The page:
Of course, I had not long to wait, for the falling tree was close upon me when I dropped beside the other. That tree struck directly over where I was lying and broke into a thousand pieces, with limbs, knots, and flying pieces of wood all about me and literally covering me with the debris. My brother hurried to me and began to dig me out. When he had removed enough pieces to see how I was situated, he discovered that the main body of the tree had broken across the one by which I was lying, and broke again where it struck the ground, only about four feet away, and that I was directly under this short piece of broken timber; and that a dry knot, about three inches in length, was sticking directly toward my back and almost against me. In other words, had that knot been two inches or perhaps an inch longer, it would have crushed out my life like the snuffing of a candle.
The other men came to the rescue and assisted in removing this broken tree so that I could crawl out; and I found that I had not a scratch of any kind. Close calls went with a lumberman’s life, and after a short recess we were at it again as though nothing had happened.
Farming and lumbering were the order during the years 1888 and 1889—then the June flood (better know, perhaps, as the Johnstown flood), which destroyed many things and among them our log slide.
My brother Frank and I took a contract to cut and skid and trail a big stock of logs in Big Hollow, a tributary of Elk Run, to the Marshfield Dam, a distance of about four miles.
The logs were cut and skidded in regulation order, the slide repaired and everything set for snow and freezing weather. December went by, then January, with a few freezing night followed by rain; and this repeated, with hardly any change, until March, when we had a few days of snowy weather and cold enough so that we managed to get in a few logs when spring came. And we were like all the other lumbermen in that country—our money used up and logs still in the woods, the spring of 1890.
Then it was that Mr. Watrous again showed that extraordinary qualification which characterized his whole life. He offered a subsidy—and it was gladly accepted—and sent me straightway to look over another large tract of timber which was to be peeled that season. The timber was straight and sound, the ground was smooth and easy to get about. I readily accepted this contract, and also brought a tract of timber, which I stocked simultaneously with the other two jobs. The last log was skidded and ready for winter, and Thanksgiving day was celebrated with genuine thanksgiving. On the second of December the snow began to fall and before night we had begun to haul logs.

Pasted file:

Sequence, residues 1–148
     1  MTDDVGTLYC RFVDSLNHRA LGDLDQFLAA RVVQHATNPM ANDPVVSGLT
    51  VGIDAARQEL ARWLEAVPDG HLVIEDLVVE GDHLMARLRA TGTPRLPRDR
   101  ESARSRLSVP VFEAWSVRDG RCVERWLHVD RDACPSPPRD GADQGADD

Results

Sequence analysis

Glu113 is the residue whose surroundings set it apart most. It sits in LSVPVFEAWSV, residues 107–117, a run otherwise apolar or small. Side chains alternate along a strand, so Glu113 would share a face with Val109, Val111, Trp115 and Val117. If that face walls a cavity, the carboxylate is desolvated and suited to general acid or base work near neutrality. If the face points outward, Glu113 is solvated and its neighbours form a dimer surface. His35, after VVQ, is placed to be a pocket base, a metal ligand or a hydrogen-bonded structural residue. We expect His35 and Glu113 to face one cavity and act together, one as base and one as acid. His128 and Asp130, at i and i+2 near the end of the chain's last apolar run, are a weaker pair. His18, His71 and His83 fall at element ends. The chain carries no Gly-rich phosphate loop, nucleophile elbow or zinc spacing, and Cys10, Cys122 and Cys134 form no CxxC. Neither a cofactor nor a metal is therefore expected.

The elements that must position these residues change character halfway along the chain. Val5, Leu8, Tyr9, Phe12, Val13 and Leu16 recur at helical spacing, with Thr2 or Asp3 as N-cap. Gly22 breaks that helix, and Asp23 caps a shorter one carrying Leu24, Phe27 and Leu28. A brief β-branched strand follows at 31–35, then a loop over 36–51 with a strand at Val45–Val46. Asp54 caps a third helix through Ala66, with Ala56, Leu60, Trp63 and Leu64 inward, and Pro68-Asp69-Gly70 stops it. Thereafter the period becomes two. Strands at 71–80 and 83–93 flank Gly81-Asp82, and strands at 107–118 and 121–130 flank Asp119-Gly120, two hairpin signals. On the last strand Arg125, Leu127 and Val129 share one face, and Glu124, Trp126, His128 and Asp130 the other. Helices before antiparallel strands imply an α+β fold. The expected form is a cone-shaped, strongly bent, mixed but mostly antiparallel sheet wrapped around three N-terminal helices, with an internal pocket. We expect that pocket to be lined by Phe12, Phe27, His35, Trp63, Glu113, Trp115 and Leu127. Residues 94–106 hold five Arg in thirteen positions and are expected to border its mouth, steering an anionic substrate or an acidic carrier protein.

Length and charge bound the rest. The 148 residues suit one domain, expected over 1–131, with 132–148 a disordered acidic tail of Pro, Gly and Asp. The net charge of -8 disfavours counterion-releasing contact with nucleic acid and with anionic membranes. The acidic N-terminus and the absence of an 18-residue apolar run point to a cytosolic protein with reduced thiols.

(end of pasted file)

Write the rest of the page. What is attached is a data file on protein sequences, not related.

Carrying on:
So unlike the year before, when we waited in vain all winter for cold weather! On the seventeenth of December it began to snow in good earnest, keeping it up all day and all night, covering the ground with a carpet of four solid feet of snow on everything in the country.
Well, this was a new experience, for the oldest inhabitant had never seen such a snowstorm. Men could not walk through the snow; horses could not move in such snow. We were compelled to shovel roads in the same manner that we had often shoveled ourselves through a snowdrift. This was a slow and costly process, which necessitated the employment of a double crew of men—one crew to shovel snow and the other to do the work of hauling the logs. When spring came, however, we had every log placed nicely on the banks of Elk Run, including the Big Hollow contract which we were unable to finish the year before.
Thus, we came down to the spring of 1891, the log drive finished and farming started again, when my good wife presented me with our first baby girl, Grace Esther. Now we were the proud possessors of a fine boy three years old and a plump, smiling daughter.
I did not know much about what a million dollars would look like, but I firmly believe that when I reached the age of twenty-five years I should at least be worth a million.
In 1890, my grandfather Dewey died at Sullivan, Tioga County, and my father felt a desire to go back to the old homestead of his youth. Accordingly, a conference was held with the heirs and he bought out all their interests. And, after selling his homestead to me, my father, mother, and four younger children moved to the old Dewey homestead on the State road, five miles east of Mainesburg. My young wife and I were the sole proprietors of the Dewey homestead on Elk Run; and now, in 1891, I owned three teams of horses, wagons, sleds, tools, cows and other stock, was the proud father of two beautiful and rugged children, and was just exactly twenty-one years of age while my wife was eighteen.
It would be to tiresome to follow out year by year all my activities, and would serve no real purpose. My main object in narrating so many small details, heretofore, has been for the purpose of giving the reader a rather clear idea of pioneer life and of the business of lumbering, as well as the manner in which my own life has fitted into the picture.